If your security requirements are actually this formalized, then you should not store passwords in files on user machines at all. The application should require the user to enter the password when it starts up. And that should be the user password, not a DB password that is the same for many people (because that has very little authentication value).
Richard Joyce
Greenhorn

Joined: Aug 11, 2008
Posts: 6
Hi,

Our requirements are based on the items from the ISO recommendations. We are not storing any passwords in the database. How this requirement affects me is we cannot store our database password in a .properties file in plaintext in our Java application. It has to be encrypted in someway. I don't think it can be encrypted using assymetric encryption as we'll either need to decrypt it before using it or else it'll be passed to oracle encrypted and Oracle will know to decrypt it.

I have been unable thus far to configure Oracle Advanced Security to know to expect an encrypted password. So I am going to spend a bit of time working on using a Symmetric encryption algorithm to encrypt the password and store it in the properties file as encrypted. Then in the java application decrypt it and pass it up to Oracle on authentication. Do you have any idea if the traffic between JDBC type 4 Drive and Oracle is encrypted or passed in plaintext?

If I can store my password as encrypted and Type 4 Driver takes care of passing it to Oracle using its own encryption then I'll fulfill my requirement...

thanks

R.
Ulf Dittmer
Marshal

Joined: Mar 22, 2005
Posts: 41839
    
  63
Yes, I understand the requirement. My post was intended to highlight a situation where the part applies that you bolded in your post; and it doesn't apply in your situation.

What I'm trying to get across, though, is that storing passwords in a file is not a good idea, encrypted or unencrypted. If an encrypted password password can be passed to Oracle, and that's sufficient to access the DB, then it's not even marginally better than using an unencrypted password if either would be stored in file (and is thus equally likely to be accessed by an attacker).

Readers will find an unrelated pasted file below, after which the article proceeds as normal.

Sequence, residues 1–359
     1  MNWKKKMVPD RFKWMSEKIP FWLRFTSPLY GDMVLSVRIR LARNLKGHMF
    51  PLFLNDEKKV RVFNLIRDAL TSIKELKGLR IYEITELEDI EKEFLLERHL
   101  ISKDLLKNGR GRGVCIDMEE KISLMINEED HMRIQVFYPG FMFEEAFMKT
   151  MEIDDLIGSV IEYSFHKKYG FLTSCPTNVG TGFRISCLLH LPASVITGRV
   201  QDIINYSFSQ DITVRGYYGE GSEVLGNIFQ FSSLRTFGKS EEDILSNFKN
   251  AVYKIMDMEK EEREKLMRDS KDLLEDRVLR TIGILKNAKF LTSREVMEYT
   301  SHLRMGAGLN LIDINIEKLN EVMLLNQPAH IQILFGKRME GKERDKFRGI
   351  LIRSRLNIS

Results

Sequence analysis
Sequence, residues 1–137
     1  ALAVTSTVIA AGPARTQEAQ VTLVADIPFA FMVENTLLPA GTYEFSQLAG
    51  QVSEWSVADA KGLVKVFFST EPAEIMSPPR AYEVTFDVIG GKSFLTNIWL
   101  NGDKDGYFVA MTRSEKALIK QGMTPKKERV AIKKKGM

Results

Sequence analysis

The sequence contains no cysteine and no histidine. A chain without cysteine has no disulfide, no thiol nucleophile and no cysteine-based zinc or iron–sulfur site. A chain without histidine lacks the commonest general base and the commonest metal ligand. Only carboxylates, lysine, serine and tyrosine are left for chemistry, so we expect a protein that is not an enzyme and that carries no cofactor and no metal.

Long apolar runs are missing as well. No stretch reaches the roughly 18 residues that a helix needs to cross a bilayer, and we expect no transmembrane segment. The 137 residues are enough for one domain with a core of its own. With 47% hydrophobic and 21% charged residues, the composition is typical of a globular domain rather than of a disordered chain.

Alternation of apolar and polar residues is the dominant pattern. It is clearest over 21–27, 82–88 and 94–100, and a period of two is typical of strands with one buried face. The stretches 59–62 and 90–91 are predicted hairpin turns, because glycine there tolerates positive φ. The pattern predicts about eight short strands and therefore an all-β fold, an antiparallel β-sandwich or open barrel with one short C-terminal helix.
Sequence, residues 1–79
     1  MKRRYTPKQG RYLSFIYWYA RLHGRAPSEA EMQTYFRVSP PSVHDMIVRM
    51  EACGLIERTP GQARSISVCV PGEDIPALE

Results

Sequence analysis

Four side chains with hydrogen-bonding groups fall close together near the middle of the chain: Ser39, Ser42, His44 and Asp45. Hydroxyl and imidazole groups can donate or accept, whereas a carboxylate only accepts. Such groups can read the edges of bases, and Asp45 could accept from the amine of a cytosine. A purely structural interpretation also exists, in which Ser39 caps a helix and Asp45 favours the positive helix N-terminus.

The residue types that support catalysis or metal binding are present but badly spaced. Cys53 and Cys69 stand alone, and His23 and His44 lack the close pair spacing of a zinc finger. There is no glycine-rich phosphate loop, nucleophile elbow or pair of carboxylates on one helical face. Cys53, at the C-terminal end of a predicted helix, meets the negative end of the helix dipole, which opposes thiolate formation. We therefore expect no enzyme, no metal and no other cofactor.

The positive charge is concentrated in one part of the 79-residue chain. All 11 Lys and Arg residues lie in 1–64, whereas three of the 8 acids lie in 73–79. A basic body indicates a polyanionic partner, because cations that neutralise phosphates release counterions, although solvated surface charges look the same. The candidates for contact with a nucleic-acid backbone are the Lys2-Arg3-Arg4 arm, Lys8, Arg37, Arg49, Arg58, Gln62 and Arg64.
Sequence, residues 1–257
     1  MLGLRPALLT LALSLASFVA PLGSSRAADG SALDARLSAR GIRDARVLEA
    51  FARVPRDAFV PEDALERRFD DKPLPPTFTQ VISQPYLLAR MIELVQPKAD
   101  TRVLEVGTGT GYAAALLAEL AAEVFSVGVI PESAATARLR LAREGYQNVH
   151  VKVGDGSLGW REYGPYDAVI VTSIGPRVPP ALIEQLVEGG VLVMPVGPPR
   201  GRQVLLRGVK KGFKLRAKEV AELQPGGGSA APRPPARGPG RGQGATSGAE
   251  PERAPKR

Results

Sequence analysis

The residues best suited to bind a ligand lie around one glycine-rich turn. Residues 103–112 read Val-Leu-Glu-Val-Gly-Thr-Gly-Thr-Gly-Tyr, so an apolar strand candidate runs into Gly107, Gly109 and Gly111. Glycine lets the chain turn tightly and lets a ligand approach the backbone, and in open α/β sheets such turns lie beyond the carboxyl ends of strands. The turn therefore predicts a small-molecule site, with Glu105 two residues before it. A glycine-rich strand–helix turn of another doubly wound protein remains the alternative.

So unless the encrypted password is stored in a file and is decrypted by the application before being passed to Oracle -with the decryption key being something that the user enters, and which is not stored anywhere- then you might as well not use encryption at all, because there's no security gain.

As to encrypting DB traffic in transit, most drivers can use SSL for that. Googling for "oracle jdbc ssl" shows many relevant hits.
Richard Joyce
Greenhorn

Joined: Aug 11, 2008
Posts: 6
Hi,

Our application is running in the Spring Framework and we set up a Apache commons dbcp BasicDataSource for connecting to the database. The database password has to be specified in the config file. Its not running in a container which has supports connection pools so the password has to be stored in a file. I know it might not be ideal, but without any other solution its what I have to do. the requirement is that passwords are stored in plaintext, so i'm just trying to fulfill that.

If you have any suggestions for how to do it I'd be interested to hear.

thanks

Richard
Ulf Dittmer
Marshal

Joined: Mar 22, 2005
Posts: 41839
    
  63
Tricky. If the properties file on the client machine is seen as an attack target, so must be the application executable itself. That means the attacker can get hold of the class files, decompile them, and circumvent all (or most) security measures it implements.

Short of the user entering the password I see no secure solution (and making the user remember a password increases the chances of it being written down, decreasing security).

Sorry of not being more helpful, but this requirement doesn't seem to make much sense in terms of increased security.
Richard Joyce
Greenhorn

Joined: Aug 11, 2008
Posts: 6
Originally posted by Ulf Dittmer:
Tricky. If the properties file on the client machine is seen as an attack target, so must be the application executable itself. That means the attacker can get hold of the class files, decompile them, and circumvent all (or most) security measures it implements.

Short of the user entering the password I see no secure solution (and making the user remember a password increases the chances of it being written down, decreasing security).

Sorry of not being more helpful, but this requirement doesn't seem to make much sense in terms of increased security.


No don't get me wrong, the properties file isn't on the clients machine. this is an application running on a Sun SOLARIS Server.

Also there is no user really, as the server runs and intereacts with a web application whcih is running on another server. The application would interact with the web application, but not directly with a user.

I've decided i'm going to use a simple cipher to encrypt the DB password, Its not going to make the application un crackable by an means, but it is going to fulfill my requirement that passwords aren't stored in plain text